grant the Individual Defendants’ motion to dismiss for lack of personal jurisdiction.
Bridgeport Music, Inc. v. Still N The Water Pub., 327 F.3d 472, 478 (6th Cir. 2003)
[hereinafter Still N The Water Pub.] (per curiam). But—aware that Plaintiff is proceeding
pro se and that the Kentucky Supreme Court recently clarified the long-arm statute—it is
also clear that Plaintiff’s proposed exercise of personal jurisdiction would violate due
process; therefore, the Court will proceed to that issue.
Due process operates to limit the power of a court to exercise personal jurisdiction
over a nonresident defendant. Helicopteros Nacionales de Colombia, S.A. v. Hall, 466 U.S.
408, 413–14 (1984); see also Pennoyer v. Neff, 95 U.S. 714 (1878) (establishing the Due
Process limitations on personal jurisdiction).
The canonical opinion in this area remains International Shoe
Co. v. Washington, 326 U.S. 310 (1945), in which [the Supreme
Court] held that a State may authorize its courts to exercise
personal jurisdiction over an out-of-state defendant if the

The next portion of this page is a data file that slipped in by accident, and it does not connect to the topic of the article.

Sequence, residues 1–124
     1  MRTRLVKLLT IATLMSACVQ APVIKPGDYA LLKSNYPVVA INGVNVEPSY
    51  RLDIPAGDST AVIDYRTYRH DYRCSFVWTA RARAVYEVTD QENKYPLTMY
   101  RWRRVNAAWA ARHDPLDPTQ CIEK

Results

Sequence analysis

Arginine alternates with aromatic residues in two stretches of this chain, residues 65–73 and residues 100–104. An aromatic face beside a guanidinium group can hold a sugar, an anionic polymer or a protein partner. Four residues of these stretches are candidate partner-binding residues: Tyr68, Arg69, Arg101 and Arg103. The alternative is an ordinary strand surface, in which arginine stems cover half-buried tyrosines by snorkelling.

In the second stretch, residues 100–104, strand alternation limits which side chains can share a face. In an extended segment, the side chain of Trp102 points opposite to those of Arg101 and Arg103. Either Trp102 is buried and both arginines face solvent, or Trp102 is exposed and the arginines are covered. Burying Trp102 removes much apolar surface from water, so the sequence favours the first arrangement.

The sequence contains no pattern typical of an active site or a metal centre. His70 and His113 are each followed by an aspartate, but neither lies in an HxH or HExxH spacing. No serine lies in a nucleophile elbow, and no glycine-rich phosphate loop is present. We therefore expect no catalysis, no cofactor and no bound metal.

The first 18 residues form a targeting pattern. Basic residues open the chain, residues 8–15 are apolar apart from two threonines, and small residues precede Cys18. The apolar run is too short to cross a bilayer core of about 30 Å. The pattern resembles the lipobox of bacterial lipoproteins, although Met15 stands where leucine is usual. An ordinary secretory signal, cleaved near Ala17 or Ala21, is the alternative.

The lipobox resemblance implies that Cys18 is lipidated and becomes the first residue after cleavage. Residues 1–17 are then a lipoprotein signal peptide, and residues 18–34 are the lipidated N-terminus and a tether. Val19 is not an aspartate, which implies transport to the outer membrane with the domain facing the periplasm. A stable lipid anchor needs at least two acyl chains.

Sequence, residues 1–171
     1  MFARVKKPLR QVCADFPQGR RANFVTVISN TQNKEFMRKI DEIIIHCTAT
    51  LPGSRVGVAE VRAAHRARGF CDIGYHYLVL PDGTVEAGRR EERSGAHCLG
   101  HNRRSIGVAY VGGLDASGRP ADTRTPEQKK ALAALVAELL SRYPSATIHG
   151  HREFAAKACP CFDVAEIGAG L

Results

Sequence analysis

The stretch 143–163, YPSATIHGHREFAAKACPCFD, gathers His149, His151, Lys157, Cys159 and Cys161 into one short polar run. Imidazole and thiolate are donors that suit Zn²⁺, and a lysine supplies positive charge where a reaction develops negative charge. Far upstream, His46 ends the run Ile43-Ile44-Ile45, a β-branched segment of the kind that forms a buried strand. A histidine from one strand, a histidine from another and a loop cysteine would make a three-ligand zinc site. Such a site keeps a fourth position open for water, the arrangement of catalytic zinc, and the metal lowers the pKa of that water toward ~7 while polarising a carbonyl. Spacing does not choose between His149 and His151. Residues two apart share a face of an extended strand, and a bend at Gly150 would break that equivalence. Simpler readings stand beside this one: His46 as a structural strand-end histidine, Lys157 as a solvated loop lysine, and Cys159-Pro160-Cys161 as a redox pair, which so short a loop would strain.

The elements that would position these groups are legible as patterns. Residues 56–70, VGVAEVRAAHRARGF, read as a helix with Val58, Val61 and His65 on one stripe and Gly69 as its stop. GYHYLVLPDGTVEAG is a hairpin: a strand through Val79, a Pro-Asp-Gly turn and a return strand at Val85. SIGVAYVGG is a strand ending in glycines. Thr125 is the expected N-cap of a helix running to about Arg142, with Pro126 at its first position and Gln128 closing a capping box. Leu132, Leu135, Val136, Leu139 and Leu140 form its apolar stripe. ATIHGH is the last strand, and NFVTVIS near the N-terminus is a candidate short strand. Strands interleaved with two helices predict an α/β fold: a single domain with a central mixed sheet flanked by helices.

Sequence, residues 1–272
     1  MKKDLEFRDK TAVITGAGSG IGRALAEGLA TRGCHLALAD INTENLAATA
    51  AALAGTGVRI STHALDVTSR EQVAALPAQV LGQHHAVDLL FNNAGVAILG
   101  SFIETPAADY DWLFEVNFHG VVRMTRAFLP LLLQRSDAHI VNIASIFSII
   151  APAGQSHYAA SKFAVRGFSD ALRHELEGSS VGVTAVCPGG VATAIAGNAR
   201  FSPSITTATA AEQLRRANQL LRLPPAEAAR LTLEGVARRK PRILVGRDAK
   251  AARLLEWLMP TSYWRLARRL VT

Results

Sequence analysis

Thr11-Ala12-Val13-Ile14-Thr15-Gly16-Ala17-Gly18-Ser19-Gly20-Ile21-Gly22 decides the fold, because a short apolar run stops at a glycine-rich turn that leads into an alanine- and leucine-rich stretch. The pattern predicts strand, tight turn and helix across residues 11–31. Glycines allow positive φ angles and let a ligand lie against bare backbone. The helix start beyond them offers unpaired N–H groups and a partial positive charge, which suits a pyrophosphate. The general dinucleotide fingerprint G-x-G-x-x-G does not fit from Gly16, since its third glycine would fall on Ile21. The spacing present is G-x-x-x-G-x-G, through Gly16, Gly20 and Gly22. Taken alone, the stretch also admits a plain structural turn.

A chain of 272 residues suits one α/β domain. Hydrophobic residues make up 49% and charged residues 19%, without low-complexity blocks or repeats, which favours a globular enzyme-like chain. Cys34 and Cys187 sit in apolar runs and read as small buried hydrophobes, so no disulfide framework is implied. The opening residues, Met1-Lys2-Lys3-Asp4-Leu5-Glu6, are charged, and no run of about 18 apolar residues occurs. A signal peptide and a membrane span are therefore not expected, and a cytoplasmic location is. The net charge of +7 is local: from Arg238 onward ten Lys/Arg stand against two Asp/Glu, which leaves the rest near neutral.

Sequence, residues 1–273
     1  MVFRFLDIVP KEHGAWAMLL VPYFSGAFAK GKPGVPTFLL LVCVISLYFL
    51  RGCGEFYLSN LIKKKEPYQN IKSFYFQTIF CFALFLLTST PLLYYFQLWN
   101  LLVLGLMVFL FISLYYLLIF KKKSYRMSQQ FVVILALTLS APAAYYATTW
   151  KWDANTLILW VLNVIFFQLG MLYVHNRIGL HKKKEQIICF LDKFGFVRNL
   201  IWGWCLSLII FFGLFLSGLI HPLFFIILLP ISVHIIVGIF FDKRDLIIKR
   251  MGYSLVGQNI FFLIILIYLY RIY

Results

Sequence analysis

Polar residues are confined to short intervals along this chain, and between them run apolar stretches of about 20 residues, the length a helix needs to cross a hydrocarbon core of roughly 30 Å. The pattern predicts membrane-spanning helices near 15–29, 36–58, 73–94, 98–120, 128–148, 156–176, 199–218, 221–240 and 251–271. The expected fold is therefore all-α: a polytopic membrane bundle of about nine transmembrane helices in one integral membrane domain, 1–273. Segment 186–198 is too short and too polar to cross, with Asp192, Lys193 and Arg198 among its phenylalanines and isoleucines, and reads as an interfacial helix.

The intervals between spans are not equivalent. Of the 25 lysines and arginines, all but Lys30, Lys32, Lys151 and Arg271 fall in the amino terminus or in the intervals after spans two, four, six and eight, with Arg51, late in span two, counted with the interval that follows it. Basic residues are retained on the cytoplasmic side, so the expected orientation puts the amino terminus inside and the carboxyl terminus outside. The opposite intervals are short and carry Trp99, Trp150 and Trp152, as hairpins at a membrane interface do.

defendant has certain minimum contacts with the [forum]
State such that the maintenance of the suit does not offend
traditional notions of fair play and substantial justice.
Daimler AG v. Bauman, 134 S. Ct. 746, 754 (2014) (internal alterations and quotations
omitted). Personal jurisdiction may be general or specific. Helicopteros, 466 U.S. at 414.
1. General Jurisdiction
General jurisdiction grants a court the authority to hear causes of action against a
defendant even when the cause of action does not arise out of or relate to the nonresident
defendant’s activities within the forum State. Id. A court may exercise general jurisdiction
over defendants who are “at home” in the forum State. Daimler AG, 134 S. Ct. at 757–58,
760 (affirming that a court cannot exercise general jurisdiction over a natural-person
defendant unless Pennoyer’s “physical power theory”—consent, presence, or domicile—is
met and clarifying that a corporate defendant’s home is either the place of incorporation or
the principal place of business); see also Goodyear Dunlop Tires Operations, S.A. v. Brown,
131 S. Ct. 2846, 2851, 2857 (2011) (holding that a court may exercise general jurisdiction
over a corporate defendant only if the defendant is “at home” in the forum State); Burnham
v. Superior Court of Cal., Cnty. of Marin, 495 U.S. 604, 607–08, 612, 628 (1990) (confirming
that service of process to a natural-person defendant briefly present in the jurisdiction, or
“tag jurisdiction,” is sufficient to confer general jurisdiction). Accordingly, general
jurisdiction is appropriate for a natural-person defendant who is present in the forum
State, a natural-person defendant who is domiciled in the forum State, a corporate